These are the three key elements of the Real Food Campaign:
1. Bionutrient Meter measures nutrient density.
"Nutrient density" is a general term encompassing many components, from minerals to vitamins to organic compounds. Current measurement methods are lab based, expensive, and time-consuming, and measure a single or a small number of nutrients.
We propose to create a fast, inexpensive, field-based device – the Bionutrient Meter – to measure a broad range of nutrients of interest in crops. Because many nutrients such as minerals come directly from the soil, we will also identify fast and inexpensive soil quality measurements to help drive improved farmer practices.
The techniques to calibrate such a device using existing technology require a library of reference data. In other words, it is necessary to have both the device and the data simultaneously. This “chicken-and-egg” problem – needing the device to get the data, but needing the data to make a useful device – has stalled previous efforts due to the scale of in-house development required.
However, we will combine the hardware development, country-wide collection and sharing of data from BFA members and partners and the Health Research Institute, a nonprofit lab capable of collecting the reference data with expertise in nutrition and human health. This partnership will reduce the development costs and yield a more appropriate, accessible product developed by and for the community.
2. Crop surveys identify ranges of nutrient density in produce.
The Real Food Campaign will include a survey of farms, markets, and stores across the United States, generating a fully public database of food quality using established lab methods.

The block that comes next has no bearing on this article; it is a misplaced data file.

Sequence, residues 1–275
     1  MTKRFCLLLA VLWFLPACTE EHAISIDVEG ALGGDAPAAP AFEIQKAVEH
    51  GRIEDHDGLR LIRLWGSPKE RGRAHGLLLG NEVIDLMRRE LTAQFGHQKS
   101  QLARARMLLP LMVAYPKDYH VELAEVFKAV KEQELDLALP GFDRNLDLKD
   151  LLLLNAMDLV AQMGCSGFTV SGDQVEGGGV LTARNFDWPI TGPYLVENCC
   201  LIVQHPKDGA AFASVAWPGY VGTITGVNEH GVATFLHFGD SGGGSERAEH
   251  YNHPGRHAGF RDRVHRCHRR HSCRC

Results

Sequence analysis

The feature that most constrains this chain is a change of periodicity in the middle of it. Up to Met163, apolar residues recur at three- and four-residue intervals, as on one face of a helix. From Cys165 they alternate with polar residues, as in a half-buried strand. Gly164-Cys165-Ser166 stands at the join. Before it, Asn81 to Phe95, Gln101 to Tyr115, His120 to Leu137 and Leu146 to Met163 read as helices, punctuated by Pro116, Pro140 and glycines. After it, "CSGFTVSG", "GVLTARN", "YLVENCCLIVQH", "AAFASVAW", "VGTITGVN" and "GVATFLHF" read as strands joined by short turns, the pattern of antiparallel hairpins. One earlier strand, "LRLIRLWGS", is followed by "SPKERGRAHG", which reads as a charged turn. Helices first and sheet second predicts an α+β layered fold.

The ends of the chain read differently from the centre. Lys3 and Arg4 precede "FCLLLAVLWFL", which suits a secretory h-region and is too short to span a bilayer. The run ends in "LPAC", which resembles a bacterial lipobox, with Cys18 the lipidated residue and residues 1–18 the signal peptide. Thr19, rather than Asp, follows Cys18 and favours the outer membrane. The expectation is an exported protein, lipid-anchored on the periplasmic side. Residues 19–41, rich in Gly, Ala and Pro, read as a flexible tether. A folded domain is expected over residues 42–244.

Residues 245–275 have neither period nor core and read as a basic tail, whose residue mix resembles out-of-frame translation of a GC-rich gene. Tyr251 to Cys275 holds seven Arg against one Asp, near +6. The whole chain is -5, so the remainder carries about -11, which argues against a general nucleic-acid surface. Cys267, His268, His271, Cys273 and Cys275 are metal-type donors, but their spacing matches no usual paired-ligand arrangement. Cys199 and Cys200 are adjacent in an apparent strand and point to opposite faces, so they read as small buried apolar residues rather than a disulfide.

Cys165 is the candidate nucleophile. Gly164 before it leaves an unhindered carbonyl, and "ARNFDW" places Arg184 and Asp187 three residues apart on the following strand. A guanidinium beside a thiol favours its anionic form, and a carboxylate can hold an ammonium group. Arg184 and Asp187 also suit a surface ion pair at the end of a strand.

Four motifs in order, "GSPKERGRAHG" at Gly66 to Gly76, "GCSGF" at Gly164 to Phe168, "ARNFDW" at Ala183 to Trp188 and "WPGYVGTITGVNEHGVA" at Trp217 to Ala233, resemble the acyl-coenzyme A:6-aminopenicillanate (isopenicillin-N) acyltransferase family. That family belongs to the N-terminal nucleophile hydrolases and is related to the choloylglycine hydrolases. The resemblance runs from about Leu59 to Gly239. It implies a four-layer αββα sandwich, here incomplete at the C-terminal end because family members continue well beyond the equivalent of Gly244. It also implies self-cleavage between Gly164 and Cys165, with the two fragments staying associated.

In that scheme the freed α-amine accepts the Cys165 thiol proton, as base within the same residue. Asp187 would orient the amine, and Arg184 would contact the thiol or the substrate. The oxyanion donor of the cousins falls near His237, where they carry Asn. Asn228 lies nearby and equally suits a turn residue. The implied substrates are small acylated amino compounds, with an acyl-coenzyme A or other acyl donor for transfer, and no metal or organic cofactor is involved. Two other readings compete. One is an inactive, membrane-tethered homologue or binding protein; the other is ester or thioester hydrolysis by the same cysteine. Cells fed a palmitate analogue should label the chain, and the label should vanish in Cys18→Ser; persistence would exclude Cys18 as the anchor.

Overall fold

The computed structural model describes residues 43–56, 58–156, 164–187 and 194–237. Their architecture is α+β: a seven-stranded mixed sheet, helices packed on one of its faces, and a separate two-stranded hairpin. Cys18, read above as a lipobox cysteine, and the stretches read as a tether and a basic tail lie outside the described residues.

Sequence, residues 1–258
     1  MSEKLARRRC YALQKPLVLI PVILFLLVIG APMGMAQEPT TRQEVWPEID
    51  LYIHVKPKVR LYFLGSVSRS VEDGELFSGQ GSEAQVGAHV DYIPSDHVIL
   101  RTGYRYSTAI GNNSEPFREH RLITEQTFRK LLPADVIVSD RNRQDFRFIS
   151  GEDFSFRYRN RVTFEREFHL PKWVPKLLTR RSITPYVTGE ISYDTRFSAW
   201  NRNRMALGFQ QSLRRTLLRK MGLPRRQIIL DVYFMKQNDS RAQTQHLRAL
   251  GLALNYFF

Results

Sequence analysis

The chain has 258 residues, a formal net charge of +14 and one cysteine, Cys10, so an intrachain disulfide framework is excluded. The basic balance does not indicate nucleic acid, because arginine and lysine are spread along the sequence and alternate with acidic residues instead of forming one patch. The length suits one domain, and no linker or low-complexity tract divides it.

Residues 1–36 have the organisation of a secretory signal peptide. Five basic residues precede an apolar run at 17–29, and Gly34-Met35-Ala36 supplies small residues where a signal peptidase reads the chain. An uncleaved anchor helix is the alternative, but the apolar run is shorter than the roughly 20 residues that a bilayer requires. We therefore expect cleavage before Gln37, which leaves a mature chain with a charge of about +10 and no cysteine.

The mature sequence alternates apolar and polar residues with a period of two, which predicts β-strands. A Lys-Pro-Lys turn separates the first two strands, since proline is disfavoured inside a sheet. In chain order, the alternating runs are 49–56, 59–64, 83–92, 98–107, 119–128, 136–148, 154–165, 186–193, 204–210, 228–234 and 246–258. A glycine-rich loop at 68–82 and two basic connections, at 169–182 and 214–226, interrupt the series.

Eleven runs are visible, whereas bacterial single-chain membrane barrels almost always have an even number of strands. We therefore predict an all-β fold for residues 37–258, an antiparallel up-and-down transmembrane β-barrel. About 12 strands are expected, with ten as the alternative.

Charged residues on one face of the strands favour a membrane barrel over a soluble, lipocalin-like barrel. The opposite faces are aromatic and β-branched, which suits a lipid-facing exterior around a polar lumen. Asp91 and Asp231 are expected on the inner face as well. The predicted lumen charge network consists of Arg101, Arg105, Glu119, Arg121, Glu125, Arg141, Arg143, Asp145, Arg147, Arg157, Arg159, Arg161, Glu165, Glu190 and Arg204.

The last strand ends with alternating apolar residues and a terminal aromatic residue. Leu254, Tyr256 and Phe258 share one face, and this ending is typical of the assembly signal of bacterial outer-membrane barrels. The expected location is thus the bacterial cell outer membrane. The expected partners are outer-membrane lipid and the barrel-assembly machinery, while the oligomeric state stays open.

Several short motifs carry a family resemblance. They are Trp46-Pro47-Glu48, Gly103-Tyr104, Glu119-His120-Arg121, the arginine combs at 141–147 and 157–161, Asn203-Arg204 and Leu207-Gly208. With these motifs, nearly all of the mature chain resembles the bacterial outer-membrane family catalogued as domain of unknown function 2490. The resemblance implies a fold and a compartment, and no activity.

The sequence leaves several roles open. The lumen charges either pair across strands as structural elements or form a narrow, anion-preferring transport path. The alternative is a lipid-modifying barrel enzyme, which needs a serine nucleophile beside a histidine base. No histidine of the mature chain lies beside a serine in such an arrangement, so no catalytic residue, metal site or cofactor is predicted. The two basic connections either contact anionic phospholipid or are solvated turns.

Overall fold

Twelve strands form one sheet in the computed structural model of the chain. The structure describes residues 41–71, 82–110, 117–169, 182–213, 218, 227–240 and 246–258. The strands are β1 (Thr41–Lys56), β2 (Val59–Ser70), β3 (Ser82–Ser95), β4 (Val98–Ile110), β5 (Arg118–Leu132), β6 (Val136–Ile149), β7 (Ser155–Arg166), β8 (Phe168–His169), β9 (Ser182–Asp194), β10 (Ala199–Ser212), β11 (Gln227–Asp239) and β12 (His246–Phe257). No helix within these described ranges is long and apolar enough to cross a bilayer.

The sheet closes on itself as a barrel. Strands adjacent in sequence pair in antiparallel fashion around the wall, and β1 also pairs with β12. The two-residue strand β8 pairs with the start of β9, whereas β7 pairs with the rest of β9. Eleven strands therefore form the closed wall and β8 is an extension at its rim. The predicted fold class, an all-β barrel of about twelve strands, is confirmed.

In the short term, the surveys will help build a nutritional database to calibrate the handheld nutrition sensor for the Bionutrient Meter. It will also provide a completely unique dataset for public health and nutrition researchers to understand the sources and drivers of food quality. And it will track the quality of fruits and vegetables in a more granular way so that future changes in quality can be measured.
In the long term, the surveys will result in faster, low-cost testing methods, both in the lab and in the field, so that consumers and farmers can quickly and easily identify high-quality produce. The ultimate outcome we seek is to inform consumers and farmers about food quality in real time, resulting in improved supply and demand of nutritious food.
3. Open-source platform tracks food & farming data.
We propose to create a platform on which to collect and analyze data and to provide feedback and collaborate about food quality and farming practices. This platform will provide a springboard for organizing research that can further enhance food quality and farming practices. Because the information will be freely available, the broader public will also have easier access to nutrition-related data.
To achieve these goals, we will build on two existing open-source projects called Our-Sci.net and FarmOS. Each project is already independently successful: Our-Sci.net is a software + hardware platform for collecting, analyzing, and sharing data so researchers and communities of practice can create successful, global research projects. FarmOS is a farm management system (asset tracking, field maps, etc.) to save farmers time and money, and to simplify compliance with certification programs such as USDA Organic Certification.
Our expectation is that through funding and establishing this platform, hundreds of millions of research dollars will ultimately be spent to create data held and exchanged in this public commons. Similar to the evolution of the Human Gene Project, its role will likely change over time.
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